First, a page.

Obviously if one only takes what is necessary for life this puts the desire for adornment or for decoration in some question.  How ethical is it to mine, to remove the plant and animal life from the surface of the earth and make a deep pit for an open cut mine, if it is to provide for human adornment?  Is it ethical to mine to make decorative wrought iron gates, or even candle holders to make what can only be (at the moment) decorative light settings from candles?  Is studio glass or ceramic ever justified when you consider how much carbon is spent during their making?

 

Pentti Linkola would not think so. Linkola is a Finnish environmentalist who, when looking at the conflict between humans and the environment, comes out strongly in support of the latter, to the point of destruction of the former.  He blames humans for the destruction of the environment and has promoted such ideas as genocide, forced sterilisations and abortions, and bands of eco-guerillas to control population. He strongly promotes the dismantling of capitalist and industrial systems. His ideal of society is a totalitarian dictatorship, where the majority of the population lives in a similar state to the Middle Ages, where consumption is limited only to renewable resources.  He writes,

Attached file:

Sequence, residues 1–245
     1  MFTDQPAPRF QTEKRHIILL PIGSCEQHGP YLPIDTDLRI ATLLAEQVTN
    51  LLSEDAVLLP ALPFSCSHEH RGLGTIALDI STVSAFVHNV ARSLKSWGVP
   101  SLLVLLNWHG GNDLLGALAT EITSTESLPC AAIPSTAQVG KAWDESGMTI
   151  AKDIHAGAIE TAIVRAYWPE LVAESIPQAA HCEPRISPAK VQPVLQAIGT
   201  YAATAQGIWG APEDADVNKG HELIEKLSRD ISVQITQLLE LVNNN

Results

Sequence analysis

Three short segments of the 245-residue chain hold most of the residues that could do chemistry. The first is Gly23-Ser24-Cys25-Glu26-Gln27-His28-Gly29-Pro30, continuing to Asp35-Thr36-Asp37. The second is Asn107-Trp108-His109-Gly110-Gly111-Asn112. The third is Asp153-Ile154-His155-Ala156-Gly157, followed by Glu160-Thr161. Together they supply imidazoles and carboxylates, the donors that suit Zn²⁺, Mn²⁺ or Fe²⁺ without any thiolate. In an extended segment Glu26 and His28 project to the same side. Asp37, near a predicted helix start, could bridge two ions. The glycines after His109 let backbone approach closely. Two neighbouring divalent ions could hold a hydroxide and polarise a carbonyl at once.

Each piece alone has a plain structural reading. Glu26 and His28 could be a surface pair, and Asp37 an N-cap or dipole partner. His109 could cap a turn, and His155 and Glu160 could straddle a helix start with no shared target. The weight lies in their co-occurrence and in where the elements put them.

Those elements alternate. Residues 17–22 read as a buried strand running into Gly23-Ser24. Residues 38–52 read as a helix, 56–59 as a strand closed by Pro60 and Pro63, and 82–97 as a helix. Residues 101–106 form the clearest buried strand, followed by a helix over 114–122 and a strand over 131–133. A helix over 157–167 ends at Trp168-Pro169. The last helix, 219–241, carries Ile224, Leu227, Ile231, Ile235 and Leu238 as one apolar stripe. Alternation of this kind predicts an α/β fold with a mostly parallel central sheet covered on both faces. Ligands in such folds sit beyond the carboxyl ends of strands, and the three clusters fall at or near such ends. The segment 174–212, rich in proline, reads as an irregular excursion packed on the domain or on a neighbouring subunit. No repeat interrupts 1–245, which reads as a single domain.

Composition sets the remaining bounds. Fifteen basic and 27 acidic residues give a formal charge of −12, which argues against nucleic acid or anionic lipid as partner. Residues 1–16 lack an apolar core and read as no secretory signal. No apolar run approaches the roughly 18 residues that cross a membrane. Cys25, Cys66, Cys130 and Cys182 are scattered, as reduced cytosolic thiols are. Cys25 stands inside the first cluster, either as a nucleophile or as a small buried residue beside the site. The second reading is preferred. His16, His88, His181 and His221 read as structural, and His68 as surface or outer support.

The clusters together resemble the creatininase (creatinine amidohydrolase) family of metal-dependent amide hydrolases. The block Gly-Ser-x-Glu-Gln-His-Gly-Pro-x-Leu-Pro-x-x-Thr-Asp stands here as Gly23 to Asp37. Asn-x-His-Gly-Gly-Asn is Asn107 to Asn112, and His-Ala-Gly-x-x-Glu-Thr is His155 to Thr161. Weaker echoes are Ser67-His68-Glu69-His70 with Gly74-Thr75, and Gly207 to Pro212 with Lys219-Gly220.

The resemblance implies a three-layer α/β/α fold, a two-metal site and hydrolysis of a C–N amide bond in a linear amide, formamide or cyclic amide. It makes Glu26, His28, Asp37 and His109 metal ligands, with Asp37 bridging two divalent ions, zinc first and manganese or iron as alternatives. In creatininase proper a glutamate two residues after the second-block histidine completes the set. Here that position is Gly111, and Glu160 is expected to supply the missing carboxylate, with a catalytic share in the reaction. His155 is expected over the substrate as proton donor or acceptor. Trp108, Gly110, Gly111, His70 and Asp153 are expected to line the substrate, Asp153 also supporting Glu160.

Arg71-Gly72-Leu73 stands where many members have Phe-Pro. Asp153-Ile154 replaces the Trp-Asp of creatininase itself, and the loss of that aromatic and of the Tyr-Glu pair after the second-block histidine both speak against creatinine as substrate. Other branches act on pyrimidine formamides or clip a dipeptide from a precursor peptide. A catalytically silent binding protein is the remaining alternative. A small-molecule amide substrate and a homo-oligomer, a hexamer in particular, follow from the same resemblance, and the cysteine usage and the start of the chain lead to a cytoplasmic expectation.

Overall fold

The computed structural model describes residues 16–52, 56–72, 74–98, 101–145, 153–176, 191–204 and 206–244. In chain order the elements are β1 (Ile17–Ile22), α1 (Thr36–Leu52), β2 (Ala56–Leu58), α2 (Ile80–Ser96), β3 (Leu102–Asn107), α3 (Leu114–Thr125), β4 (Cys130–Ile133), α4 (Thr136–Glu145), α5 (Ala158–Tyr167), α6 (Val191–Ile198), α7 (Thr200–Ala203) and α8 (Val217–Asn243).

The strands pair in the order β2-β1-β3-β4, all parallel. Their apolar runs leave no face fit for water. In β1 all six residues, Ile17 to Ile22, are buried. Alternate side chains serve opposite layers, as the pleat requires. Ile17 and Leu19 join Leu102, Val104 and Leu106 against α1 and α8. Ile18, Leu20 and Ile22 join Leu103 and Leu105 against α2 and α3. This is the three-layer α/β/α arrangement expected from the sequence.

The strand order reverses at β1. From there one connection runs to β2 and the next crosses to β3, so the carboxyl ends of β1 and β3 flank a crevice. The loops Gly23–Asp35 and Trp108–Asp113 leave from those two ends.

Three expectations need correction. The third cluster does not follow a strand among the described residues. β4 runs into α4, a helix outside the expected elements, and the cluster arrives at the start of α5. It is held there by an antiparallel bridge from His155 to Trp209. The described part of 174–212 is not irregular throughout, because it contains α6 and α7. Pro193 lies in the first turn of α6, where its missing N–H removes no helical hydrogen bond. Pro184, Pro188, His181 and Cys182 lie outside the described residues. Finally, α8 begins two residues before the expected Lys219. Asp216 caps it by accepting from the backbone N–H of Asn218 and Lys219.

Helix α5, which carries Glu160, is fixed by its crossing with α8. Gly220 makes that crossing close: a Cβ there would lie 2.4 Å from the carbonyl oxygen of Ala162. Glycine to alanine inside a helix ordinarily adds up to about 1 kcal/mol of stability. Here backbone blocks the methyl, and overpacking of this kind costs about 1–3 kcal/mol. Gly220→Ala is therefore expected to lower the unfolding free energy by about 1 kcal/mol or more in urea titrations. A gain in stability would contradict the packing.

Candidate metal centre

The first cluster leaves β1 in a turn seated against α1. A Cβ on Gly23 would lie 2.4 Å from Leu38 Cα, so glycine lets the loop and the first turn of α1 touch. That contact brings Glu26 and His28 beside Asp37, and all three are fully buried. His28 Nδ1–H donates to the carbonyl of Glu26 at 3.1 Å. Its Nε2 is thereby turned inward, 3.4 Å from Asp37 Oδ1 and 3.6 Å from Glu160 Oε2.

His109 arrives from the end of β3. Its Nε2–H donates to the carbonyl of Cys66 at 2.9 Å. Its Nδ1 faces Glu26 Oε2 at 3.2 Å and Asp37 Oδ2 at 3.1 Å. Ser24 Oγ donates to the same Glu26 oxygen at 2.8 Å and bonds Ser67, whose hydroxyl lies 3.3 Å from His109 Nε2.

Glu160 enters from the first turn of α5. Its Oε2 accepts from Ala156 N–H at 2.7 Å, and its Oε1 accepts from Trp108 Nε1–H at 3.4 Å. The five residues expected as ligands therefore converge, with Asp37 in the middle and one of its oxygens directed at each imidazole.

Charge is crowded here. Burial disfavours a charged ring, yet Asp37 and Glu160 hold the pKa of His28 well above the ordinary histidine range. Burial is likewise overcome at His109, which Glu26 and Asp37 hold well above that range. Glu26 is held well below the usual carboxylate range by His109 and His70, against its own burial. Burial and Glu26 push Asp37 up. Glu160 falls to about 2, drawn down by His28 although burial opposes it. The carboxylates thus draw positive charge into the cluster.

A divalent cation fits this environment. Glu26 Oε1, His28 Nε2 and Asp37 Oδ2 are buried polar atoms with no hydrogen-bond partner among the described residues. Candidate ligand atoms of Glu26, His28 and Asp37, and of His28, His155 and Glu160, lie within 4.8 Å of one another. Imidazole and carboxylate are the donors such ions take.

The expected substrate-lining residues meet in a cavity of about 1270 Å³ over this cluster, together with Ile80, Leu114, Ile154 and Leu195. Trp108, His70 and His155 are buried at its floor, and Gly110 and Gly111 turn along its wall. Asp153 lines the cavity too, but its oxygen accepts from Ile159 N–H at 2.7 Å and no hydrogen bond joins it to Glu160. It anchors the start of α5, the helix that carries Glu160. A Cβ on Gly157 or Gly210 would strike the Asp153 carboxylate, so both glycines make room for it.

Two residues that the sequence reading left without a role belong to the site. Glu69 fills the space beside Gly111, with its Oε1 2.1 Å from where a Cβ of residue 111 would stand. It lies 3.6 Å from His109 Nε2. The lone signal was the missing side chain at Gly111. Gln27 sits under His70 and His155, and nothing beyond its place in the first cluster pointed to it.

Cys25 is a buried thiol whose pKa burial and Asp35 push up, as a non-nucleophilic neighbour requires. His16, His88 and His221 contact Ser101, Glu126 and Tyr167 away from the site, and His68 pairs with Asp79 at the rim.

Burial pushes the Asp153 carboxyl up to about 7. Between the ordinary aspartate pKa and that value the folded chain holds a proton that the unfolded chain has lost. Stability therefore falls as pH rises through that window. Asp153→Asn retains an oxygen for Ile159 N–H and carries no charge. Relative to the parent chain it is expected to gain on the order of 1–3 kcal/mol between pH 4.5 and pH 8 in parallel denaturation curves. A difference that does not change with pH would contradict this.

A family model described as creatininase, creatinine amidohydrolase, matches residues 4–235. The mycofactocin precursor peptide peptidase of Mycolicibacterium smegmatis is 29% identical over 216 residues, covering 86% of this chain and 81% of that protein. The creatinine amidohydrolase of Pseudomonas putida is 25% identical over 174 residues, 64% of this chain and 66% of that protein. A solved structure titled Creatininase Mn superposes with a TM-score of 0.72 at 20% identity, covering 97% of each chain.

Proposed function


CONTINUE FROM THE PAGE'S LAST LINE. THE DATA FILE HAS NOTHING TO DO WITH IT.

“What to do, when a ship carrying a hundred passengers suddenly capsizes and there is only one lifeboat? When the lifeboat is full, those who hate life will try to load it with more people and sink the lot. Those who love and respect life will take the ship’s axe and sever the extra hands that cling to the sides.”[2]

 

This is a serious threat to our vision of the life we would like to live.  But Linkola is clear that material wealth has never made for happiness; all that has ever made us happy, he states, is lack and the striving to achieve.  The fact that we have made the only lack we consider a material one might plausible do with some serious rethinking, whether one agrees with genocide or not.